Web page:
A Team Effort Manager & Board Roles in Building Maintenance

 As anyone who’s ever had their heat go out in the dead of winter can tell you, condo buildings  don’t maintain themselves. It might take a village to raise a child, but it takes a  knowledgeable, experienced team comprised of a qualified property manager, an  experienced custodian or janitor and a competent board member to keep the  lights on and the mortar sound. But when something needs to be fixed or goes  wrong, who ya gonna call? Well, often the answer is, ‘it depends.’  

 A Matter of Degree

 First it depends on whether the problem is an emergency or not. Residents are  typically told that all life-threatening emergencies—such as fire, or a gas leak—should be reported to the fire department or local utilities immediately. Once  that has been done, the property manager or other person in charge can be  notified.  

 If the issue at hand is not a dire emergency, who gets notified depends on the  building and the way that the property management company manages it. For  example, Joanna Dziok, owner of Integral Residential LLC, is an independent  Chicago property manager specializing in small to mid-size condo buildings,  ranging from six to 65 units. Because of their smaller sizes, most of the  buildings she manages do not maintain on-site personnel. Instead, she has a  janitor who stops by a few times a week to clean the building and do small  repairs when necessary.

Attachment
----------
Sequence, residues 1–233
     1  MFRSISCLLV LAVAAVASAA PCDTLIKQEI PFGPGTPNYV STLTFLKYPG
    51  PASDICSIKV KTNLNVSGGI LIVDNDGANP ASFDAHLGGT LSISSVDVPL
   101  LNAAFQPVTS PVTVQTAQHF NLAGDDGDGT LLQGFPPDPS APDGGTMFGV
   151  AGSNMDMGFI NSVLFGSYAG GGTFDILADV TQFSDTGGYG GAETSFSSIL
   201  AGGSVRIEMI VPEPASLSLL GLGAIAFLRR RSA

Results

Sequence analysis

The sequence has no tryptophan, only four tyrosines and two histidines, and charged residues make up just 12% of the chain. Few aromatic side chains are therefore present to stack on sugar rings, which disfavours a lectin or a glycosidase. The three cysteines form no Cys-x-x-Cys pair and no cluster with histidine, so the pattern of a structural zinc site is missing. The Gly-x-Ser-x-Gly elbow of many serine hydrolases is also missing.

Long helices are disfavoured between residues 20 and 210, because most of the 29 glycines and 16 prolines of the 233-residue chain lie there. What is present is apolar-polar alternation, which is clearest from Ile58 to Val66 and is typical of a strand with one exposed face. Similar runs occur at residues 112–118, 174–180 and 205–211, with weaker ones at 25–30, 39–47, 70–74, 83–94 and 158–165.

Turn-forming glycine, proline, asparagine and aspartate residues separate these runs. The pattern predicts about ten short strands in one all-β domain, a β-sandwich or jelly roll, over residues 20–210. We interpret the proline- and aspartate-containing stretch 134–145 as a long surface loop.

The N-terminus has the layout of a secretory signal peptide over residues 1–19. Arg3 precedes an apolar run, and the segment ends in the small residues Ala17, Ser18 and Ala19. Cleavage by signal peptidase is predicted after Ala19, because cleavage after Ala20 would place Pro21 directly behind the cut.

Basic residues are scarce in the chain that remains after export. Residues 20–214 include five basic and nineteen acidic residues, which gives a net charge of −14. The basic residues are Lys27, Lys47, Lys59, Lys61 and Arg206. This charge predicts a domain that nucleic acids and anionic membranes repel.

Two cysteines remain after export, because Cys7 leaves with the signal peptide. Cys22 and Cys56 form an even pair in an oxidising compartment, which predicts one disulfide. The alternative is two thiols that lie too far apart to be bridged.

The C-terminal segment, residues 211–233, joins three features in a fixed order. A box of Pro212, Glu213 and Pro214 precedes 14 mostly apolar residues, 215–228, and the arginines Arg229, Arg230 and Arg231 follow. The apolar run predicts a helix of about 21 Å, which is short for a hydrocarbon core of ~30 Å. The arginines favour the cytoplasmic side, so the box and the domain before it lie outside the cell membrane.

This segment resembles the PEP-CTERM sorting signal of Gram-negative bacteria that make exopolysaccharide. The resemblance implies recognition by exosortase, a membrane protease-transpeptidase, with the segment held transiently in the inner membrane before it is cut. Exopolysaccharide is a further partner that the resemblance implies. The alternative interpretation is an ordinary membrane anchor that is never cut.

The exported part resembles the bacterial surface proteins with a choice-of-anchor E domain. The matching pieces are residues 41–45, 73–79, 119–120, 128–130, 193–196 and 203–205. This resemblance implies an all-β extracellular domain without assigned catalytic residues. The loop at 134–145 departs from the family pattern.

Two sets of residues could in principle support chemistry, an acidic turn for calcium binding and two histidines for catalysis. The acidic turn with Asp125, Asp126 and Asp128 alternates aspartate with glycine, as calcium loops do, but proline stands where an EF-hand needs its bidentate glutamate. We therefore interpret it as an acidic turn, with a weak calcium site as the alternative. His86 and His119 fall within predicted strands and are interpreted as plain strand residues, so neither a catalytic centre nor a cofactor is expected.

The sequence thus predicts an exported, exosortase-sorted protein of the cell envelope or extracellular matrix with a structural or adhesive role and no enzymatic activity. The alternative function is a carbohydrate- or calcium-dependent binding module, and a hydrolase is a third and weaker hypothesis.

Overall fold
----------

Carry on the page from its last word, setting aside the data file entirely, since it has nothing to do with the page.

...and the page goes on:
Even though Dziok isn’t an on-site property manager, the residents know they can reach her by phone or  email, no matter what the problem. “Some buildings also have websites where they can put in a service request,” she says. “Either they can alert me to a problem or they can tell a board member who can  then tell me.”  

 Rob Presbrey is a property supervisor with The Habitat Company in Chicago and  the buildings he manages range from 200 units up to 900 units. “At each property, we have a full-time property manager and an on-site chief  engineer who is in charge of the physical maintenance of the building,” he says. “If a resident awakens to suddenly find a leak under their kitchen sink, they are  already aware to notify the management office. We would then dispatch a chief  engineer, who would take care of the problem.”  

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